Connect with us

Technology

China set vs unofficial Lego fan design • The Register

Voice Of EU

Published

on

NASA’s Perseverance is currently trundling around Mars. In the absence of an official Lego version, your hardworking vultures had a crack at a pair of recent designs for the nuclear-powered rover.

We have a bit of a chequered history when it comes to the plastic bricks. Sure, we had fun building the International Space Station and Apollo Lunar Module, but those were genuine kits containing genuine Lego bricks.

Our other excursions were less successful. The crawler transporter for the Saturn V launch tower was a bit of a beast and the less said about the launch tower itself the better. (Glue. Glue.)

But Perseverance’s successful landing has given us the construction itch once again. We missed the boat when Curiosity was all the rage (although remain tempted by the Descent Stage and Sky Crane in the Lego Ideas model) so opted to try the model retailing at $43.99 from Vonado.

To be clear, this is not an official set by any stretch of the imagination, nor is it made of official Lego parts. Like our crawler and tower, the 661-brick beast comes direct from a vendor in China.

As a comparison, we also picked up a design from SkylabBricks, which cost us £4.52. (Although one must supply one’s own bricks. More on that later.)

We started with the Vonado model, the design and modelling of which is credited to YCBricks (you can pick up just the PDF instructions for $6.99 at Rebrickable.)

Compared to the pain of the Saturn tower, the build was relatively straightforward, although we’d have to caution that skipping ahead in the PDF instruction file is highly advisable since some steps aren’t particularly clear.

Vonado Perseverance set

Click to enlarge

The bags of parts come numbered, although as with the crawler, those numbers have no bearing on what is needed when. More than one leap of faith was needed, to the point where one couldn’t help but wonder if anybody had actually tried to follow the steps before flinging the kit up for sale.

That said, the resulting rover was satisfyingly large even if its proportions seemed subjectively a little at odds with its inspiration. It does, however, feel a little fragile and not something that one would want to handle too much, which is a shame. One benefit of models like the Saturn V and Apollo lander is the ease with which one can use them to explain how spacecraft work. Not so much with this.

The SkylabBricks version was an entirely different beast. The cost of a London pint of beer gave one a link to PDFs detailing how to make the rover and Martian landscape. Parts files are provided to submit to the Bricklink site for ordering up components and spending, as Joe Chambers of SkylabBricks succinctly put it, “lots of money.”

SkylabBricks set

Click to enlarge

This is most definitely not the cheap option. The plans are helpfully split into rover and surface, but doing both with new Lego parts will come in at about £90 depending on the vagaries of the Bricklink marketplace (and what you already have in stock).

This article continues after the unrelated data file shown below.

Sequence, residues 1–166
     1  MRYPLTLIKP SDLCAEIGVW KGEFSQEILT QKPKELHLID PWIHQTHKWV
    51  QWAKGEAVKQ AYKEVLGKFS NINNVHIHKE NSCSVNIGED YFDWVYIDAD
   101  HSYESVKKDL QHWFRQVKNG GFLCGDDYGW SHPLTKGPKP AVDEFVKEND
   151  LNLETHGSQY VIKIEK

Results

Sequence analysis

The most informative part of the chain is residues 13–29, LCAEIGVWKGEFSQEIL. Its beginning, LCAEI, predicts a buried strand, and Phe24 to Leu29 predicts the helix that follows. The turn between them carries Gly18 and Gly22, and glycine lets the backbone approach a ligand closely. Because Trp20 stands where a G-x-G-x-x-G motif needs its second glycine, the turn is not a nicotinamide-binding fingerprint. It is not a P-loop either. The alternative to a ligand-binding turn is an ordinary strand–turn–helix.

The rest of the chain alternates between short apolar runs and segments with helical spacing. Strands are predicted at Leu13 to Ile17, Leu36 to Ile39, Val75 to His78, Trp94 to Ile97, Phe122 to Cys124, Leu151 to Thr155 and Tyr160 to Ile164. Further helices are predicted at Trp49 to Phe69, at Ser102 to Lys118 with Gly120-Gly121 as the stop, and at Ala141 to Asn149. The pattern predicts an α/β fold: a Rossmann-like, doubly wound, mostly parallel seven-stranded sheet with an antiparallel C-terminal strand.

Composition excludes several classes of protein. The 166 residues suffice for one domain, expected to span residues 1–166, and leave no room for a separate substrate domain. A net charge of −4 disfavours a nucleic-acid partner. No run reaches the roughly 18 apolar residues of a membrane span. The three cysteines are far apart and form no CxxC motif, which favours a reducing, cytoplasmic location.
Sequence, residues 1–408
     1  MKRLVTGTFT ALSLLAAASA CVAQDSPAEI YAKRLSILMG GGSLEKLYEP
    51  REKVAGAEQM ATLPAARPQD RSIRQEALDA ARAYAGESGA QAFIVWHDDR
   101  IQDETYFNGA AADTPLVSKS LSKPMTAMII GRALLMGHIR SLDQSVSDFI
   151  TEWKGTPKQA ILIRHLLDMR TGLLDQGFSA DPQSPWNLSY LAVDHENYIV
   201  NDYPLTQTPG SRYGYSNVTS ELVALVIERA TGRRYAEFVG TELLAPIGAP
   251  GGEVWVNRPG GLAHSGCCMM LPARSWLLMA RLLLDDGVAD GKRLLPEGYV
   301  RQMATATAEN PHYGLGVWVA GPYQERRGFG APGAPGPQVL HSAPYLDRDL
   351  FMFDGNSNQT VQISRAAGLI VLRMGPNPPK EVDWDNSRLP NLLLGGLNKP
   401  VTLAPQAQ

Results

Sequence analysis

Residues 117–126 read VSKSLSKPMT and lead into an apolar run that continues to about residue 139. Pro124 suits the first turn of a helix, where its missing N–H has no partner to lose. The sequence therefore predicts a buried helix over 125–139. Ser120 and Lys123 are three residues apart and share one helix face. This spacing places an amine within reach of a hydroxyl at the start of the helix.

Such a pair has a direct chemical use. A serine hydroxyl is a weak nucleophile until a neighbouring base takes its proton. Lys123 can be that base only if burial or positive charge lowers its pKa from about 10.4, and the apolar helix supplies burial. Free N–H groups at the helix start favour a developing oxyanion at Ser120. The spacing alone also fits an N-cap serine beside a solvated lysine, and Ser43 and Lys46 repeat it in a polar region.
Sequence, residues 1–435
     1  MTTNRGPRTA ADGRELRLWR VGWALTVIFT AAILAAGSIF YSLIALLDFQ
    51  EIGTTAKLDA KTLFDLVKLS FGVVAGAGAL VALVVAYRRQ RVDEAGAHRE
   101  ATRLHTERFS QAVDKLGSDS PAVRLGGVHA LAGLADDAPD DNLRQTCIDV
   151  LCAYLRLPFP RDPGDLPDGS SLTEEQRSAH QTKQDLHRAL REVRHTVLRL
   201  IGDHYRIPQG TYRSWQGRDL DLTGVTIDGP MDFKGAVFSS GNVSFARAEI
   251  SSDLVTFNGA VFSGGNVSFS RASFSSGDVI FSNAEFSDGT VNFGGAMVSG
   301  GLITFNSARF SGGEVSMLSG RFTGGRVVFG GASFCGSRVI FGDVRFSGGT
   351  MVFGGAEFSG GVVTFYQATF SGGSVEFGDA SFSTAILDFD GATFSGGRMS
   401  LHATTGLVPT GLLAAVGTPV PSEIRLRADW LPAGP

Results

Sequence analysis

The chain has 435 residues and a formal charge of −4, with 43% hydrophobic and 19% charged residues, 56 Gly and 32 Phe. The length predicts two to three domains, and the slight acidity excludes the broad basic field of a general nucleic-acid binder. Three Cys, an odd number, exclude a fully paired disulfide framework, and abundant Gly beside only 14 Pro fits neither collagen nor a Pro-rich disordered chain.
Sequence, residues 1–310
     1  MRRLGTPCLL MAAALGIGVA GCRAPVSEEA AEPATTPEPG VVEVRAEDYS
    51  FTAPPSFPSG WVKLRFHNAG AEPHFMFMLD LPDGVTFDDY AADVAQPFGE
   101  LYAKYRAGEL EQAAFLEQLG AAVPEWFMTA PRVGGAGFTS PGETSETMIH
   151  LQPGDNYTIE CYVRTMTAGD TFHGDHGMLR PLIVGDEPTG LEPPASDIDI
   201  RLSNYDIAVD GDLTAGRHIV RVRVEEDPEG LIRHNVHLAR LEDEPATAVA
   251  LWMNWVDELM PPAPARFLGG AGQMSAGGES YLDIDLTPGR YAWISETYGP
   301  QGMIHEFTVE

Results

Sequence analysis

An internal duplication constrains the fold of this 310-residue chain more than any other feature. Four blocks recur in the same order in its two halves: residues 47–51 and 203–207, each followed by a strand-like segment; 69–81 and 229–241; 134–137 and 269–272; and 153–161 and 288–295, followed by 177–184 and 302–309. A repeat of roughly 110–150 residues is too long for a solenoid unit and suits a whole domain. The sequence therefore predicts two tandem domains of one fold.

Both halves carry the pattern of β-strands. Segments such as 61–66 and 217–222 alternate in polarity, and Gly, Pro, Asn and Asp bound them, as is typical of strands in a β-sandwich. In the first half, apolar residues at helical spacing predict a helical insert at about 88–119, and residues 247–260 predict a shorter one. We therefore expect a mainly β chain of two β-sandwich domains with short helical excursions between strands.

Cost of parts aside, the PDF instructions from SkylabBricks are streets ahead of those for the Vonado rover. As well as the expected step-by-step assembly instructions, a good few pages are dedicated to documenting the rover itself, its mission, payload, and the Ingenuity helicopter.

The instructions also give a nod to Lego’s original (and discontinued) Curiosity set, although this is considerably more detailed. It also comes in at 323 pieces for the rover and 370 for the display stand.

As for those pieces, we used the Bricklink site and the .xml parts files supplied by SkylabBricks. We allowed Bricklink to select the stores to supply the bricks (from a variety of geographical locations, including the UK, Europe, the US, and Malaysia). Over the course of a couple of weeks, little parcels of Lego joy arrived.

Saturn V not included

We bought a knockoff Lego launchpad kit from China for our Saturn V rocket so you don’t have to

READ MORE

As with the Vonado rover, the packaging of the parts had no bearing on the order of assembly. However, since careful auditing was needed to ensure what was delivered was what had been ordered, putting together the SkylabBricks rover was a good deal easier (although we can understand why one might want to have one’s bricks arrive in one, big package).

The difference between the rovers is surprising. While smaller, the SkylabBricks version is considerably more “play-with-able” and feels a good deal more solid. Bits did not fall off when a small child decided to take it for a spin over an imagined Martian surface consisting of dirt, gravel, and a lichen-encrusted paving slab. Parts dropped from the Vonado version just moving it from shelf to shelf (and resulted in more than one glance at the dread bottle of glue).

The Lego recreation of the surface of Mars was also a hoot to assemble, and made for a handy display stand.

The Register spoke to SkylabBricks’ Joe Chambers about the designs and the effort involved. Each design takes between three to four months, depending on the size of the project. “My instructions,” he said, “are somewhat unique in that I do a technical writeup of the subject and put it into the PDF.

“That is more for me, to be honest, but sometimes that takes a couple of weeks alone. I overdid it on my Delta IV, I must admit, writing something about all seven versions, but I love the stories and the technology of these things.

“The main focus of my designs, if you haven’t noticed, is space exploration and rocketry. I design things that I like or that I want to display.

Lego ISS

Vulture discovers talons are rubbish for building Lego’s International Space Station

READ MORE

“For lack of a better description, I make models of things through the design constraint of Lego. I may be weird in that I want to make something look as accurate to the real thing that Lego will allow. I even try to hide studs behind tiles as much as possible. I am not building with mini-figs in mind or that it will be a playset. With all respect to people who enjoy that, my mindset is 100 per cent on the side of form over function, and, sometimes, over structural integrity.”